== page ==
Pubdate: Sat, 28 May 2016
Source: Des Moines Register (IA)
Copyright: 2016 The Des Moines Register
Author: Jason Clayworth
Note: MAP archives articles exactly as published, except that our 
editors may redact the names and addresses of accused persons who 
have not been convicted of a crime, if those named are not otherwise 
public figures or officials.


At least three inmates have died in the past two years due to drug
overdoses, records show.

[name1 redacted], 34, died in a hospital in March 2014 after Black
Hawk County Jail officials found him unresponsive. It was later
determined that [name1 redacted] had ingested drugs before his arrest,
according to the Iowa Division of Criminal Investigation.

[name2 redacted], 25, of Council Bluffs, died in December. An
investigation showed that she smuggled methamphetimine into the jail
hidden in a body cavity, took the drugs, fell unconscious and died of
an overdose at a hospital. Her death is listed as a suicide.

The most recent death was that of [name3 redacted], a 38-year-old Des
Moines man found unresponsive in a Polk County Jail cell in March. He
later died at a local hospital. The coroner reported finding nine bags
of heroin in his stomach.

[name3 redacted] had been arrested by Des Moines police two days
before his March 25 death for charges related to a drug investigation.
He initially ran from police, who said they suspected that he
swallowed drugs while fleeing. Dozens of people have protested his
death, demanding answers.

Roger Kuhle with the Polk County Attorney's office said no specific
protocol dictates how jailers deal with inmates suspected of
swallowing narcotics before arrest. But staffers believe they had done
everything they could in [name3 redacted]'s case to guarantee his
safety, Kuhle said.

[name3 redacted] was examined by paramedics as he was being taken into
custody and was taken to a hospital for evaluation. Kuhle said he is
uncertain whether medical scans were conducted during the

"I'm assuming he would have been told if he had swallowed something,
'Let us help you. It could kill you,'" Kuhle said.

If police were convinced that [name3 redacted] had swallowed drugs,
they could have obtained a court order to pump his stomach to seize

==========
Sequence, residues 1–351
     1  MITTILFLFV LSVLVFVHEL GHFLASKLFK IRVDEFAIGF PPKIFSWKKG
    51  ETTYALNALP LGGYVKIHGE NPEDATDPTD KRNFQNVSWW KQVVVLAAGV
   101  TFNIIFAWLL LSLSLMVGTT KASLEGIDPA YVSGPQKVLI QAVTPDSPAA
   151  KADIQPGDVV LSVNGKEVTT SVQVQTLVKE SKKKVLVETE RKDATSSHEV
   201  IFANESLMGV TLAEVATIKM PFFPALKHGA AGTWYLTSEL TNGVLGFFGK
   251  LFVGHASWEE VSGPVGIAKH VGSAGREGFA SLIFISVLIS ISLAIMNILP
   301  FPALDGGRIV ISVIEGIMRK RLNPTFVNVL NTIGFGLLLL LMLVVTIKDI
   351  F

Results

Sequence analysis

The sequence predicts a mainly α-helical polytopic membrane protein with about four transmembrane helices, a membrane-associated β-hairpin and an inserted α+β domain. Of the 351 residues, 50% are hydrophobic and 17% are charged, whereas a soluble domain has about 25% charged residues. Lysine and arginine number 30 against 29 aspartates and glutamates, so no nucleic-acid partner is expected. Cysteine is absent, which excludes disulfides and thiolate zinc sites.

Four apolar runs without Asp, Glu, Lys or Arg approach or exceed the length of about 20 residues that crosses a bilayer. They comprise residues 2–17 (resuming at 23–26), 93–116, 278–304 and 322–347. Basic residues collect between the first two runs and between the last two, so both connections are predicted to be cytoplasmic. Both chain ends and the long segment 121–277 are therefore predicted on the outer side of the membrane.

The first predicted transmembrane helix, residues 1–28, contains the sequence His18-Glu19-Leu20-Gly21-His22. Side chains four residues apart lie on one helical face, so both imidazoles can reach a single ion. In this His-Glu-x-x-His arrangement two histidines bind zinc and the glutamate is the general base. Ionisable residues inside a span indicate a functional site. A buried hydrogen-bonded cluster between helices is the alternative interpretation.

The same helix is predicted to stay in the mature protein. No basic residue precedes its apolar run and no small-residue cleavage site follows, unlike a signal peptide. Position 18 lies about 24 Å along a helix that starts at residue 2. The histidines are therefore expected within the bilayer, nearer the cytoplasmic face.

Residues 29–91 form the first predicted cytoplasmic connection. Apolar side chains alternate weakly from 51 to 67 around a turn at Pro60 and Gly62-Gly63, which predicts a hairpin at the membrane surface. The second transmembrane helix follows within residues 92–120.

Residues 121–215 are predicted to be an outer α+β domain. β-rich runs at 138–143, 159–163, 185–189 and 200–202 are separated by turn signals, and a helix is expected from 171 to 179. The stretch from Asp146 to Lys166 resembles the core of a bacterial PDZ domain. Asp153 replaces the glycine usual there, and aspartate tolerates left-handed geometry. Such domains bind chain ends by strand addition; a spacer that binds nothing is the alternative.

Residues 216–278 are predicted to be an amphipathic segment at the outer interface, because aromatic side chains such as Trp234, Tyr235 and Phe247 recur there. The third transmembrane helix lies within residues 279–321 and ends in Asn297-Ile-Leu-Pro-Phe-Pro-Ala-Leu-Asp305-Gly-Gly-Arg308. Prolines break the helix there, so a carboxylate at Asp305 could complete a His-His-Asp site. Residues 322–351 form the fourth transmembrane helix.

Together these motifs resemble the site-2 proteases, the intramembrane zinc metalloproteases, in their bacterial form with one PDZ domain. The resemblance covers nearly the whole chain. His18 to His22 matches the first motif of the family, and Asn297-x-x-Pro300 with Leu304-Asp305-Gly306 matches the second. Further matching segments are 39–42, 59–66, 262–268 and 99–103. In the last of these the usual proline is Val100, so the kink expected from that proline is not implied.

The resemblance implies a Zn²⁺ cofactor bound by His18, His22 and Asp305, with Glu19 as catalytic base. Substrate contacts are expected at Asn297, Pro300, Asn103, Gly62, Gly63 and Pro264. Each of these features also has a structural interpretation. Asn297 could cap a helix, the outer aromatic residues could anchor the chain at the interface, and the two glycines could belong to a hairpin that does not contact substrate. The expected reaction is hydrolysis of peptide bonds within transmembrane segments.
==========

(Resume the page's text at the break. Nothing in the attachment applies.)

evidence. Kuhle said he believes [name3 redacted] denied swallowing
the drugs even after his medical assessment, so the jail staff had no
reason to believe he was at risk.

"We've heard from some people that this was preventable, but we
disagree totally," Kuhle said.

Efforts to reach [name3 redacted]'s family were unsuccessful, and
calls to Matt Boles, a Des Moines attorney hired to represent them,
were not returned. No lawsuit has been filed in the death.

Jails rarely conduct cavity searches, John Godar, president of the
Iowa State Sheriffs' & Deputies' Association, said in response to
questions prompted by the Page County case.

Iowa law requires that such searches be done only by a doctor, unless
the arrested person voluntarily waives the requirement in writing.
When jail staffers conduct strip searches, they are not allowed to
physically touch the inmate but, instead, ask the inmate to show body
cavity locations to verify that no drugs, weapons or contraband make
their way into the jail, Godar noted.

Disability Rights Iowa, a group that reviews some of the state's
inmate deaths, supports law enforcement efforts to defer key decisions
about physical and mental health to medical professionals, as Kuhle
said was done in the Walls case.

"If hospitals are not following through or not finding anything that
would keep somebody, I'm not sure what else law enforcement could do
in those situations," said Whitney Driscoll, an attorney for
Disability Rights Iowa. "In hindsight, it's unfortunate that the
hospital didn't find the narcotics.
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MAP posted-by: Jo-D